Paddle for the Cure founder tries to inspire and help heal breast cancer survivors


There are not enough hours in Leah V. Salmorin’s day. The Flushing breast cancer survivor works her freelance job as a patient navigator and attends night school, all while keeping her charitable organization afloat.

“I need to manage my time properly; if not, the charity will be a mess,” she said.

Salmorin is the president and founder of Paddle for the Cure, a survivorship program that uses recreational and competitive dragon boat racing to manage side effects of treatment for breast cancer survivors and promotes a positive and healthy lifestyle.

“Our priority is to build a special sisterhood of breast cancer survivors, but everyone is welcome to join us including kids 15 years or older,” Salmorin said. “We are always trying to recruit more members. We need at least 20 paddlers for competition. We hope one day to race out of town and even internationally.”

Salmorin dedicates much of her time fundraising toward that goal as dragon boat racing can be expensive. Paddle for the Cure depends on the New York Wall Street Dragons for training and support as well as use of their dragon boat, coach and steerer.

A portion of the donations during the group’s fundraising events helps the underserved patients of the Hope Pavilion Cancer Clinic of Elmhurst Hospital Center, which Salmorin credits for saving her life. Salmorin was diagnosed with breast cancer in 2004.

“My whole life changed,” she said. “I felt I was drowning in a deep ocean and felt so alone struggling and in desperate need of help.”

Salmorin endured four cycles of chemotherapy, 38 days of radiation and further treatment until 2009.

During this journey, I told myself I will not allow cancer to ruin or mess up my life,” she said. “I will not allow cancer to knock me down completely. I will beat cancer because I am a winner. I will get my life back and enjoy it to the fullest.”

She found support among the dragon boat community and found direct benefits from the sport.

“After my surgery, I was bandaged for a very long time,” she said. “But after training in dragon boats I found I didn’t need them anymore.”

Salmorin points to research by Dr. Don C. McKenzie, a sports medicine physician at the University of British Columbia who “dispelled the myth that women with breast cancer treatment refrain from upper body exercise for fear of developing chronic lymphedema,” a permanent and sometimes incapacitating swelling of the arms and chest. McKenzie’s study concluded that women who paddle showed marked improvement in both their physical and mental health and that paddling increases flexibility, aerobic capacity and strength.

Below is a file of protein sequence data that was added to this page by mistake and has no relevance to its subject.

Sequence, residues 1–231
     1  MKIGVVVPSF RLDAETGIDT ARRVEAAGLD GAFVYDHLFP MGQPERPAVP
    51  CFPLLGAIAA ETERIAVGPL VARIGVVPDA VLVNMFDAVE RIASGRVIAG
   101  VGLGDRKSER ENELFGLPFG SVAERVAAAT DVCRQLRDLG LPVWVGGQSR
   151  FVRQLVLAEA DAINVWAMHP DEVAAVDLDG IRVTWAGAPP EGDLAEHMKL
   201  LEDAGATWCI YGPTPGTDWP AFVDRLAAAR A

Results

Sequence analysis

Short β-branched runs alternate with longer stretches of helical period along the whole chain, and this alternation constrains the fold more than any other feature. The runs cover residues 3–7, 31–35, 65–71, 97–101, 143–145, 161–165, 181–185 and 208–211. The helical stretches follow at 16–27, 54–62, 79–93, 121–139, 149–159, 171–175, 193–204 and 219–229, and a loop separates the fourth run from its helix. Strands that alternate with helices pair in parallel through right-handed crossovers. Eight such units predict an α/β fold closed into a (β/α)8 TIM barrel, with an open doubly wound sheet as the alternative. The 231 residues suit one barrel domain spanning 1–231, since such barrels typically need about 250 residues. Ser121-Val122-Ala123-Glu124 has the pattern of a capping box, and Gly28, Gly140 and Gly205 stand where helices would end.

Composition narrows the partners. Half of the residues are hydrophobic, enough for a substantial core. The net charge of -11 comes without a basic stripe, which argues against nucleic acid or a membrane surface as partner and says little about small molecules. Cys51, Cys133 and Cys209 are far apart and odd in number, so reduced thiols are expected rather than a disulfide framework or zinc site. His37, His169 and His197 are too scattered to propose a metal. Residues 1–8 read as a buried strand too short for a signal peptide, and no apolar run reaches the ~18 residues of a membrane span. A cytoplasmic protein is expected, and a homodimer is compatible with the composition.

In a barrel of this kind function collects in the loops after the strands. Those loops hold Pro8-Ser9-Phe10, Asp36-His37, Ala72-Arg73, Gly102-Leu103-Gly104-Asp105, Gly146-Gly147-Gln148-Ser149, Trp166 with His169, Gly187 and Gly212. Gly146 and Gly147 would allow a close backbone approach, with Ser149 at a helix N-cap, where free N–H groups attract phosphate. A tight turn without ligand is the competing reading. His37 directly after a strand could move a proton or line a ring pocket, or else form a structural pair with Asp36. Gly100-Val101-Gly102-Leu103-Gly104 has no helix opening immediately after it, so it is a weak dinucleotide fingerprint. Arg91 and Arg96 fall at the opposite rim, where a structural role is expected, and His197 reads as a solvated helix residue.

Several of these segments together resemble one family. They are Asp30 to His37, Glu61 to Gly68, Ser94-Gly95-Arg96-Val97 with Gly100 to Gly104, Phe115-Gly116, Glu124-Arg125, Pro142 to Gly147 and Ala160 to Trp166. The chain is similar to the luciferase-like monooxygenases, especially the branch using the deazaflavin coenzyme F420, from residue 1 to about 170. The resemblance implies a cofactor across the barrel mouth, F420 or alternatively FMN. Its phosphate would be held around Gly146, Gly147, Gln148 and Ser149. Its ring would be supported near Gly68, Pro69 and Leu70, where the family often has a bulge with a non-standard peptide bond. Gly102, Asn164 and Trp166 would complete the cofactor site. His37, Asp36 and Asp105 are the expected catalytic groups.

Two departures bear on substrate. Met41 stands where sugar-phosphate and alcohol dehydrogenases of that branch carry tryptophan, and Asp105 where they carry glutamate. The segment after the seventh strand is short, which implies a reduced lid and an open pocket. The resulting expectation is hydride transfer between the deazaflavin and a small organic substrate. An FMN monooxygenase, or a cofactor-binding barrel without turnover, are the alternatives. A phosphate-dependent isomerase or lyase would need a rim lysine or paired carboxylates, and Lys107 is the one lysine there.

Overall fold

“Our team events are open to all and promote a healthy lifestyle, a way of getting life and movement back through exercise, as well as emotional support and team spirit,” she said.

Born and raised in the Philippines, Salmorin came from a medical family.

“Being raised in a medical family and my passion in the water is a great combination to form this charity and water is our way of raising awareness for breast cancer as water is the key to healing and water is life,” she said. “As a breast cancer survivor I hope to inspire others and bring an impact as my way of giving back.”

Paddle for the Cure has created and introduced programs that engage not just breast cancer survivors but their support groups and other cause-oriented organizations with sports activities in partnership with government agencies. The group practices every Saturday at the World’s Fair Marina on Flushing Bay.

“It’s not just dragon boat racing; we also kayak and we do kite surfing with Kostal Paddle, a group of water people based in Long Island and Florida who supports us all the way,” she said. “We also have a bowling team because not all people are water people.”